Keep the Masses Dissatisfied
The backbone of the Google economy is advertising plain and simple. And advertising works by according to Printers Ink, "Keep the masses dissatisfied with their mode of life, discontented with ugly things around them." (262) This is what drives our lovely capitalist economy over the cliff into over indulgence and greed.

1% a Tithe of a Tithe
Google gives 1% of its profits to itself for charitable work. Way to go Google. Just multiply that by 10 and try giving it to somebody besides yourself and you might get close to the Biblical...geeky mandate. But even so 1% is something. I'd like to challenge Google to give 1% of its net earnings to eradicate extreme poverty in the world. This is the goal of many people, such as One.org or Pete Singer's (not religious per se by the way) thelifeyoucansave.com. If we all gave 1% (to not ourselves) death by hunger and extreme poverty would cease. That's just one idea and a start to what What Google Should Do.

Business Hater?
I hope you don't consider this to be hate for business or anything for profit. It is not. I concede that business has a vital role to the economy and people's well being. However, I maintain that Google is not normative, it is groundbreaking and worth learning from, but it should also be informed by religious values and theology.


4 comments:

Wesley Menke said...
This comment has been removed by the author.
Richard said...

Very interesting comments by Wes Menke on Google and some theology referencing the disruptive technology for advertising that Google has introduced into the business world.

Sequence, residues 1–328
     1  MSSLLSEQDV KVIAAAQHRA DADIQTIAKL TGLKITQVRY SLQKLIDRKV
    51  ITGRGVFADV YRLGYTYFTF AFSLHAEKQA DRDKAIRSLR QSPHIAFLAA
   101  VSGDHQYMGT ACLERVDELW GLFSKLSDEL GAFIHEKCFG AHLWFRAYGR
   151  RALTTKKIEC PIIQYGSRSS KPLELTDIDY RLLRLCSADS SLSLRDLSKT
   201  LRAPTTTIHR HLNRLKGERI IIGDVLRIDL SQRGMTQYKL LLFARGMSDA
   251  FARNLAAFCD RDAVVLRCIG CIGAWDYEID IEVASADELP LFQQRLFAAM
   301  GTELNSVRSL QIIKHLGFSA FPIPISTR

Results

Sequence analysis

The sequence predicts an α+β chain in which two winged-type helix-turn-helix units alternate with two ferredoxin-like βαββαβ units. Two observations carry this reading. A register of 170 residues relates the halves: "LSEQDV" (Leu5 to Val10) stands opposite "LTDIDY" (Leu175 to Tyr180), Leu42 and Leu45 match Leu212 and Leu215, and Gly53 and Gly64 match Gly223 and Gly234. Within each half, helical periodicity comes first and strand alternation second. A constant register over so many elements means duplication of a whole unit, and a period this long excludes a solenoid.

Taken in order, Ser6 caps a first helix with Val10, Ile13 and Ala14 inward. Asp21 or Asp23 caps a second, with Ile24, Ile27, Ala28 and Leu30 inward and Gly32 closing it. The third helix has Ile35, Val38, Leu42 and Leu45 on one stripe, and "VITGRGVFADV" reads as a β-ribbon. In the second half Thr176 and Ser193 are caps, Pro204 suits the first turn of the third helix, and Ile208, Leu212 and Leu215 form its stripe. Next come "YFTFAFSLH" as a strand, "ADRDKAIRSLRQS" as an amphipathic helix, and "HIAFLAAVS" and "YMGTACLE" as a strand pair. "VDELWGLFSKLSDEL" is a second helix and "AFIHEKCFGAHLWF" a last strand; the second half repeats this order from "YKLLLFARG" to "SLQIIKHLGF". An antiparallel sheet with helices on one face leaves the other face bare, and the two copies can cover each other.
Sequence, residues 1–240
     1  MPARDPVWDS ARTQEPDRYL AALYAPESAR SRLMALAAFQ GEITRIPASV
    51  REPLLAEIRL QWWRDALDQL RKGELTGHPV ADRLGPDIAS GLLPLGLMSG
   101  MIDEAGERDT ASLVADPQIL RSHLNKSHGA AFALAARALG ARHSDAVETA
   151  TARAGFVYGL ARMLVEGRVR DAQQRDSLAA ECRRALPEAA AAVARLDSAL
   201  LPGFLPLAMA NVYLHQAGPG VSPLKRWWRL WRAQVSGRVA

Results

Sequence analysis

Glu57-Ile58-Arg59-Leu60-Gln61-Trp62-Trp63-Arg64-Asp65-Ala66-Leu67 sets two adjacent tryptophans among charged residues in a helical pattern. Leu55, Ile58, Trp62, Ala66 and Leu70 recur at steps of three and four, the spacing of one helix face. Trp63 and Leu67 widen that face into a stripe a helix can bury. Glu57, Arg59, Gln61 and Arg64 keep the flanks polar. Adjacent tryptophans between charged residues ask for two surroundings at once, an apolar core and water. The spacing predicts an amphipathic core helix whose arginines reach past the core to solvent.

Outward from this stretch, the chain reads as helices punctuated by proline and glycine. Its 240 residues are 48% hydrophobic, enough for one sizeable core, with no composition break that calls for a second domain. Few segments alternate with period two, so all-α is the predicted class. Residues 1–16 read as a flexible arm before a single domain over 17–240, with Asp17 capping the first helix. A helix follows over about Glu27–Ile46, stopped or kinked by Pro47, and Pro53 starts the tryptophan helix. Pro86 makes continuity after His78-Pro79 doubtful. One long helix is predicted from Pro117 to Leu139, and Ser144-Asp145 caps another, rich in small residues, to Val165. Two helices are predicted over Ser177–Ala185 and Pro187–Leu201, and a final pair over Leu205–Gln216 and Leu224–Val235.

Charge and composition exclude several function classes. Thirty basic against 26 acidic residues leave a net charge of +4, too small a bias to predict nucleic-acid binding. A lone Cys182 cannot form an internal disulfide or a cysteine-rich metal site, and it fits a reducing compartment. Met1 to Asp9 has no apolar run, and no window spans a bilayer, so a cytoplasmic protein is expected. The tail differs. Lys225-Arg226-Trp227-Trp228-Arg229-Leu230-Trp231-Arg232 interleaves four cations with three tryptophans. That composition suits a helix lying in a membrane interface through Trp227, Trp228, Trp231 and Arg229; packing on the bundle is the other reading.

Theology and Philosohpy have a tendency to want to borrow worldviews from new scientific breakthroughs like quantum physics or string theory. This is something new to look for meaning in a business technology like Google.

My wife's business advertises exclusively in Google. Google is able to deliver the right customers to her at the right time. Without Google her business would not exist. This is a good; but it is not The Good in a theological sense.

The Good is the subject of true theology which is the Queen of the Sciences; all other sciences focus on good, or goods but not The Good which is the sole province Theology.

Angelina said...

Hey Wes,
I appreciated what you had to say about Google in this post. Especially about the 1% charitable donations thing.
Given that Jarvis talks about Google being a platform and presents Google as having a very "power to the people" vibe I would like to see Google giving its many users the option to choose where the money goes and how much. Similar to what Chase is doing on Facebook. Because I agree, they could probably be doing more.
I would also like to see, given the number of affiliates (like AdSense) the option for people to say (for example)"i got 6% revenue because someone bought a book I recommended - let 10% of that go towards charitable action" or something to that effect.
Looking forward to seeing you in class!

jinjanblog said...

Wes,
I, too, found your comments interesting. I'm still finding my way in the media (medium?) and am working my way through WWGD. More later.